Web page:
As much as I hate Rand Paul and love his neighbor who famously beat him up, as reported this seems like extremely small potatoes.
Gilead was at $63.20 in Jan 2020 (it had already gone up in Feb), and peaked at $84 in April. $15,000, without fees/etc would have AT BEST turned into less than $20,000, net gain of < $5000. Even if they were just bad at insider trading, it seems like very small potatoes, and the fact that the price of Gilead was already rising seems to indicate that it didn’t really need to be very insider at all.
The most puzzling part to me is why a wealthy senator is doing relatively small, individually directed investments in minor stocks at all.
The transaction itself is small potatoes; Paul however appears to be in violation of the STOCK act. Which is the kind of thing we should take seriously for all Senators.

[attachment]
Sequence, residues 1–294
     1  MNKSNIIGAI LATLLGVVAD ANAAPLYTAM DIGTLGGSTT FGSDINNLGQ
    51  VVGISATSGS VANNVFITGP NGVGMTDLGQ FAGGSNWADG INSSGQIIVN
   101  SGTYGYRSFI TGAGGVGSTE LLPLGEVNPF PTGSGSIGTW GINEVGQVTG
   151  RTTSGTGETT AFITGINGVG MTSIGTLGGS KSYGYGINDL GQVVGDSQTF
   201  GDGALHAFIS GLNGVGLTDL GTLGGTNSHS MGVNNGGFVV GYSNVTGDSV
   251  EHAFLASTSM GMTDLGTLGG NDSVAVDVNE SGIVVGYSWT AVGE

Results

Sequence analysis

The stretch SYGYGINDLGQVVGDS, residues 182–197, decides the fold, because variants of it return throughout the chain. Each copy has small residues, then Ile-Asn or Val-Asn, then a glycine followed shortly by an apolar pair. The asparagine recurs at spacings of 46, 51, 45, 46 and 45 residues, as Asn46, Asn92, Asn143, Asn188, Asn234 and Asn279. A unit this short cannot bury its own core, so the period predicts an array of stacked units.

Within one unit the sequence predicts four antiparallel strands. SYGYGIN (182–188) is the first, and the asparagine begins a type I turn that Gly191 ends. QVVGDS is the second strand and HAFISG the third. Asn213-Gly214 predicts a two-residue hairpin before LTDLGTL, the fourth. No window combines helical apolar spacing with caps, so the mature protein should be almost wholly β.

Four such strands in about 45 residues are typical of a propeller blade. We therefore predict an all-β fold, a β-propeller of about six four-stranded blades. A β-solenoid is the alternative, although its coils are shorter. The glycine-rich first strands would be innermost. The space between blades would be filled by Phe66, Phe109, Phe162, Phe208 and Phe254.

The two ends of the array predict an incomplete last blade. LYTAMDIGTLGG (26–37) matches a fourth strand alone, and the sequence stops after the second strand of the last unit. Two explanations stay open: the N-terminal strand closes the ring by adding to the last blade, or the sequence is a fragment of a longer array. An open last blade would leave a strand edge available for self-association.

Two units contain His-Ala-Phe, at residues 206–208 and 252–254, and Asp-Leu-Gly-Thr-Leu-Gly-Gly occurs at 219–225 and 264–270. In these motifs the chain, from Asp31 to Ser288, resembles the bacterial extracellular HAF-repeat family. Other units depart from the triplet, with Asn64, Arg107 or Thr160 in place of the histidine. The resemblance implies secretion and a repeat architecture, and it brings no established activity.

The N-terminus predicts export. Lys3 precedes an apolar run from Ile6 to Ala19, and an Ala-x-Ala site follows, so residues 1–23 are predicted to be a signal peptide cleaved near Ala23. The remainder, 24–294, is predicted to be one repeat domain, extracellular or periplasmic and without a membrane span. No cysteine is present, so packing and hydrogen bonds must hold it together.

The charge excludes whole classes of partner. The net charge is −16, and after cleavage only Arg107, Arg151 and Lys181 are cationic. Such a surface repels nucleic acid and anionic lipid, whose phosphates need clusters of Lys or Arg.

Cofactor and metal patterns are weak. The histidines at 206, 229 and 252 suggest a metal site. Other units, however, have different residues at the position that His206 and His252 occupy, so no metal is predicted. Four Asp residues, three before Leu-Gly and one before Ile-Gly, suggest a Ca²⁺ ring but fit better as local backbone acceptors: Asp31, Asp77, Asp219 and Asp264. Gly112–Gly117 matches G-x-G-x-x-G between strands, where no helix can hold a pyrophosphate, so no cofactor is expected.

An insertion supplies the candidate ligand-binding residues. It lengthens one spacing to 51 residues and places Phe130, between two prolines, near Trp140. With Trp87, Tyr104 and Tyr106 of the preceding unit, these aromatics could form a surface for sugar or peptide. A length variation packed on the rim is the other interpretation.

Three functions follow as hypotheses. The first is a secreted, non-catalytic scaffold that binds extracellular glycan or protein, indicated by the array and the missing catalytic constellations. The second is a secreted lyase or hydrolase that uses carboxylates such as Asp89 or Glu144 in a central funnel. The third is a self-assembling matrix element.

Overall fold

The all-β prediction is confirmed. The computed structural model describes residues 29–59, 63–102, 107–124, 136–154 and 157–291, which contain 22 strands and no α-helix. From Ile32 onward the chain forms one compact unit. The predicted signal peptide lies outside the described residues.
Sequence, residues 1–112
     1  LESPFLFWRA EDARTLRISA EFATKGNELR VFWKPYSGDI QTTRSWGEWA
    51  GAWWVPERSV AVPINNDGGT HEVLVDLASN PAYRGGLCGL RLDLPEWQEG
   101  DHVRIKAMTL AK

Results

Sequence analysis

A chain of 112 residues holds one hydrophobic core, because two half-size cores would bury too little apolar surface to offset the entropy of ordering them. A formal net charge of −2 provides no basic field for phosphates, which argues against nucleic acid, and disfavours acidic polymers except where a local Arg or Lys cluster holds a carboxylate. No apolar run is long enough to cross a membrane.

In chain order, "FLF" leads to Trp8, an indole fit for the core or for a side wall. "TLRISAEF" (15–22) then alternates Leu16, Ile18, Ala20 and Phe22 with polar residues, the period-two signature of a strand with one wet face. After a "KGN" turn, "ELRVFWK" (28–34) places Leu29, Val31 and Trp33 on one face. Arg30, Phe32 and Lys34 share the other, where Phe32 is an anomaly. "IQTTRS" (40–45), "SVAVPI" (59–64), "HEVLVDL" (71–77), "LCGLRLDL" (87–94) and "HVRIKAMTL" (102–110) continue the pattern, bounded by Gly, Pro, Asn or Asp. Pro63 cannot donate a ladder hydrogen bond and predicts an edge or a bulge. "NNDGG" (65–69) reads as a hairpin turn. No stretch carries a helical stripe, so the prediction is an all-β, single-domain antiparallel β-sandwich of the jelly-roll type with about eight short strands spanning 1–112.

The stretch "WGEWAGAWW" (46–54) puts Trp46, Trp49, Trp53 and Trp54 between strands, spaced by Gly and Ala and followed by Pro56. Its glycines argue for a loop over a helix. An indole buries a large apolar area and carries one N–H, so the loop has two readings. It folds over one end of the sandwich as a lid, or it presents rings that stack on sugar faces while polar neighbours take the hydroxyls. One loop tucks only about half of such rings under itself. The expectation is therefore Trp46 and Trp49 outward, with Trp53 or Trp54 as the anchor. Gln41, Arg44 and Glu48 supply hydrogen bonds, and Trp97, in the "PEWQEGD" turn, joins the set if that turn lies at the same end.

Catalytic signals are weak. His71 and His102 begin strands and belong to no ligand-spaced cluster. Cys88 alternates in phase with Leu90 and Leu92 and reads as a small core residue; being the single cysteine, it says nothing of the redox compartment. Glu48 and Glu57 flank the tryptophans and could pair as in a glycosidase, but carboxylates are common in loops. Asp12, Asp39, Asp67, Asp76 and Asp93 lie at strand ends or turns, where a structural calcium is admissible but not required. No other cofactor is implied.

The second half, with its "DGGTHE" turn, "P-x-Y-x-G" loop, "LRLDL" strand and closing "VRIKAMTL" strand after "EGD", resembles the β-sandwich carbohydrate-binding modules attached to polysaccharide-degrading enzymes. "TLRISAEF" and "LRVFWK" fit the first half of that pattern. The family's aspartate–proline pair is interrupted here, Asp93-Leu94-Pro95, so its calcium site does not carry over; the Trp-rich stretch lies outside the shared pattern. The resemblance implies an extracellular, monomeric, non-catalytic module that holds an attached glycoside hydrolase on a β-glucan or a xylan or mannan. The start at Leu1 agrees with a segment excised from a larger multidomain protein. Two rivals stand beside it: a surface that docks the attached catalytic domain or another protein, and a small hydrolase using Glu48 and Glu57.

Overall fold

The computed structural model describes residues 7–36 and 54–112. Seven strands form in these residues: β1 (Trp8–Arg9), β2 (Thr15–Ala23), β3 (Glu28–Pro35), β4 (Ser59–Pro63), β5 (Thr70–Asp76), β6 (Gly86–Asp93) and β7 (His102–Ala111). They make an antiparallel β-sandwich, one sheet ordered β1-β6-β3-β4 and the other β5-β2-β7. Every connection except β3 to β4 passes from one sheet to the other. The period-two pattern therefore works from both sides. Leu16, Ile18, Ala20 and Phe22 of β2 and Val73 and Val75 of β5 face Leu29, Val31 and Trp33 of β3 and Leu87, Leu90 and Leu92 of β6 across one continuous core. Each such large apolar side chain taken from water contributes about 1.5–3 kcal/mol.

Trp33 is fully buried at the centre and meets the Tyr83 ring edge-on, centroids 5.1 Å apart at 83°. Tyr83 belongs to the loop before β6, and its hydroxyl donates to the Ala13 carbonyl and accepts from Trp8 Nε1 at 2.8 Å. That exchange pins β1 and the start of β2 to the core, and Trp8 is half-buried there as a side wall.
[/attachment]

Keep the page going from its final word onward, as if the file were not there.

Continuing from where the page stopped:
To be fair, it wouldn’t surprise me if he just forgot (or his wife forgot about the transaction). It would be exactly the sort of half-assedness we’ve come to expect from America’s Douchiest Senator.
Quite obviously because he believed he would make a profit off those particular investments. Which is the point of this scandal whether or not he made as much money as he likely hoped.
Look at it this way: if Paul was willing to compromise himself over “small potatoes” then how badly would he be willing to screw over his country and his constituents if the stakes were higher?
Say it ain’t so Rand, you opportunistic piece of shit.
Stating my agreement with others here about Paul’s violation of the law and his petty greed, I’ll just point out that an extra $5000 or even an extra $1000 in the bank could be a life-changing amount of money for a lot of his constituents (including the suckers who keep voting for him).
I don’t think so. This was a very specific stock pick done at a very specific time. It’s hard to forget that kind of trade unless one is doing so willfully.
In my experience working at a public access TV station with multiple Libertarian TV shows, there was one common thread that was consistent with all the Libertarians I had to deal with.